After the intermission, Stanford shook off its sub-par play in the previous game to start off Game Three with a 4-0 run, thanks in part to a Nnamani kill and three consecutive Washington hitting errors. The Cardinal displayed great hitter coverage and their defense picked up considerably, making it difficult for any hitter with whom Thompson connected to put the ball away. Stanford seemed to be running on cruise control and led 8-3 after the Huskies were unable to get the ball over in three contacts. Undaunted by yet another deficit, Washington rallied behind Morrison's deadly jumper, as the velocity and pace of her serve were too much for the Cardinal backcourt to control. After a Nnamani attack went long, the game was tied up at 9-all. The two teams would trade points back and forth until a block set up by Myhre and Tomasevich gave the Huskies the one-point advantage at 16-15. The defensive intensity put forth by Washington allowed their lead to balloon to 21-16. Nnamani was slowed down considerably in the third frame and was not picking up her kills as easily as she had in earlier games. A constant double block and the all-out efforts of libero Candace Lee thwarted Nnamani's attack time and time again, enabling Washington to take the five-point lead. While Nnamani was struggling to get her kills, Hucke picked up her game to give Stanford hope. Following a Veris service error to make the score 22-25, Hucke wrecked havoc on the Huskies serve receive with her tough jump floater, and the Cardinal scored four straight points with the senior behind the line. The momentum of the match had shifted in favor of Stanford, and Washington was never able to recover. After Franci Girard split the block to give her squad a 28-27 edge, back-to-back mental errors cost the Huskies Game Three.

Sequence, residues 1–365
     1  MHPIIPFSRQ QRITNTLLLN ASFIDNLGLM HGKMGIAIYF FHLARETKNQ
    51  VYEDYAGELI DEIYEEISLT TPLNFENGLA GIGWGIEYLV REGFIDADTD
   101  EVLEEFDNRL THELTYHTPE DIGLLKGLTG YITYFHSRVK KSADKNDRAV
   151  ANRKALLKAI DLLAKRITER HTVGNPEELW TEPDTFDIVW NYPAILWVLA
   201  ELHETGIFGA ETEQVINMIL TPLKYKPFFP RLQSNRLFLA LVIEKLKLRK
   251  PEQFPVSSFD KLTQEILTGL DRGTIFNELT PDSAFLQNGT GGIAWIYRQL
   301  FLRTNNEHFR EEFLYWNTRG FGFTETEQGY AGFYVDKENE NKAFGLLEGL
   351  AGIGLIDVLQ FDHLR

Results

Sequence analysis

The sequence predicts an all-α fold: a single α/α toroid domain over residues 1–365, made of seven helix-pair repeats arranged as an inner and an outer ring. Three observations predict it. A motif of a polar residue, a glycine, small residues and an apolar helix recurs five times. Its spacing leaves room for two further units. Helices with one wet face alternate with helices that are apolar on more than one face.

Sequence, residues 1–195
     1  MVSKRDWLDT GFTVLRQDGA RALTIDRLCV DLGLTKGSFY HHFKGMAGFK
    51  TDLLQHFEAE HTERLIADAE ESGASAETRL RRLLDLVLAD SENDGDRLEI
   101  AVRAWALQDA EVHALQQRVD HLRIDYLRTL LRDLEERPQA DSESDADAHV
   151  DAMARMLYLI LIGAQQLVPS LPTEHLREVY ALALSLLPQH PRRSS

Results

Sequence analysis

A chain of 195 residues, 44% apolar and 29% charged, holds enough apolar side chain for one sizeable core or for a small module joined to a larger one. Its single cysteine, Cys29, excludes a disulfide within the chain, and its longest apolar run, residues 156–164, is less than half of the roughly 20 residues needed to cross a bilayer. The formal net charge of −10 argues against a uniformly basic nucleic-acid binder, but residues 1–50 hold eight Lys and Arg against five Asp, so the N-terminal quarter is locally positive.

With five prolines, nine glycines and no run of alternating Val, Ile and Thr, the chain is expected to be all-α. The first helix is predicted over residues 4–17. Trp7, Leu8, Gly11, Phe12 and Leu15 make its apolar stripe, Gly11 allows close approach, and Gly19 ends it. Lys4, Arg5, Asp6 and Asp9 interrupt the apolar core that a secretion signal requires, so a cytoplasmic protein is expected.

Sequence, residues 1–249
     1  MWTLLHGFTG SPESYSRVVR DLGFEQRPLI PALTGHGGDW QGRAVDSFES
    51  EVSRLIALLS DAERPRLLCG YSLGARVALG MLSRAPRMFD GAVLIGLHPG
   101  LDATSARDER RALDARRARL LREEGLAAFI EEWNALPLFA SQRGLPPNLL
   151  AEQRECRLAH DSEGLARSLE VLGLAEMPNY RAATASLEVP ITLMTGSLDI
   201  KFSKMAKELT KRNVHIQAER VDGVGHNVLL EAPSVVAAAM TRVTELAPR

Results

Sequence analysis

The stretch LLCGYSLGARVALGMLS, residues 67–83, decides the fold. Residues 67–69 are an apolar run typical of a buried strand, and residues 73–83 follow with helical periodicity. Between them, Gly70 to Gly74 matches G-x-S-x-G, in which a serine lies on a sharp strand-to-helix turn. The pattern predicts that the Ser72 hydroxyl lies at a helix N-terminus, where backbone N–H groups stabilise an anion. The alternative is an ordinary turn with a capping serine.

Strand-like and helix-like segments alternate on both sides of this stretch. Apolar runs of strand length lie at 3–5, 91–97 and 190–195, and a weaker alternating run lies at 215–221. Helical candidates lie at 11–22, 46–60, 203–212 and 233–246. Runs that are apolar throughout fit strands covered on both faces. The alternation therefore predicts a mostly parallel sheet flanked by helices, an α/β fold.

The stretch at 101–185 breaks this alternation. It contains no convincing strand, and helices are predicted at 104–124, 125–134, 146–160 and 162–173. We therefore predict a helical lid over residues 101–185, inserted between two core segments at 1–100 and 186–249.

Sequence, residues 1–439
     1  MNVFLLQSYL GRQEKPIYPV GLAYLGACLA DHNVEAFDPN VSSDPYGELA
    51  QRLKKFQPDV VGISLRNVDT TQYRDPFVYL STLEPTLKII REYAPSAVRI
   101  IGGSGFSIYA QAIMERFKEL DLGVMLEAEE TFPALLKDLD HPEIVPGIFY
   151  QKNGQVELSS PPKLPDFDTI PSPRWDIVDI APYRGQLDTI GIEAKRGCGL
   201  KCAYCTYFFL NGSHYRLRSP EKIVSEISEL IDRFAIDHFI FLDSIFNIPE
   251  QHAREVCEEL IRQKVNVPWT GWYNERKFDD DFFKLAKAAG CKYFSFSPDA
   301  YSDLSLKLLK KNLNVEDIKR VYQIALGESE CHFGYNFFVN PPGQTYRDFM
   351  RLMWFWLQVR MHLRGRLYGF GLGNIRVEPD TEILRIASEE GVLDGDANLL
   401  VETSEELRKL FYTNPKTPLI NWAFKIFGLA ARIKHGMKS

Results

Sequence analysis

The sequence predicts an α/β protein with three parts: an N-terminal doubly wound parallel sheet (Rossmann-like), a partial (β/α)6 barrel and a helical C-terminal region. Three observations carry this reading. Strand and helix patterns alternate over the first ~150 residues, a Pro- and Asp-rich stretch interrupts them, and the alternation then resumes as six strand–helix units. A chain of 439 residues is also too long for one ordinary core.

Game Four


Stanford: Ogonna Nnamani, 6'1", OH; Kristin Richards, 5'11", OH; Lizzie Suiter, 6'2", MB; Franci Girard, 6'1", MB; Jen Hucke, 6'1", OH; Bryn Kehoe, 5'11", S; Courtney Schultz, 6'1", L

Washington: Sanja Tomasevich, 6'1", OH; Brie Hagerty, 6'1", OH; Darla Myhre, 6'2', MB; Jessica Veris, 6'1", MB, Kaitlin Leck, 6'1", OPP; Courtney Thompson, 5'8", S; Candace Lee, 5'7", L

With their backs to the wall, Washington staged a 5-3 lead to keep their Championship match hopes alive. However, a great save by Bryn Kehoe led to a back-row Nnamani kill, tying the game up at 5-5. The Pac-10 rivals would continue to trade blows for much of the game until a diving Schultz dig set-up Suiter in the middle, who promptly tipped the ball into the open court for the slim 13-11 edge. McLaughlin called a timeout and after the teams came back onto the court, Hagerty immediately sent the ball into the stands to stave off any hopes of a Cardinal mini-run. While the Huskies looked to the hard-hitting Hagerty for kills, the Cardinal countered with Richards swinging away. Leading up to the fourth game, the sophomore was hitting only 0.100, but she picked up her game considerably to fill in for Nnamani,, who was still finding it difficult to put the ball away. Richards finished Game Four with 5 kills on a stellar .625 clip, and her back-to-back blasts from the left side gave her team a 17-16 lead they would not relinquish. For the rest of the match, the Cardinal did not commit a single hitting error. With each set that Kehoe tossed up into the air, her hitters were swinging with such reckless abandon that the Huskies could only watch helplessly as their NCAA Title hopes quickly slipped away. Nnamani got her 33rd and final kill of the match after Kehoe found the senior on the outside for the uncontested attack, giving Stanford the match-clinching 30-24 Game Four victory.

Game Notes

The game plan for Stanford early on was tp feed the ball to Nnamani and watch her do her magic. With 11 kills in the first game at a .429 clip, it was easy to see why Kehoe set her the ball so much. No matter how hard Washington tried to defend her, the 2004 Olympian could not be stopped. Despite the excellent play from his superstar, Stanford head coach John Dunning knew that it would only be a matter of time before the Huskies would figure out a way to slow down Nnamani; he needed others on the team to pick up their game if Stanford wanted to advance to Saturday's NCAA Final.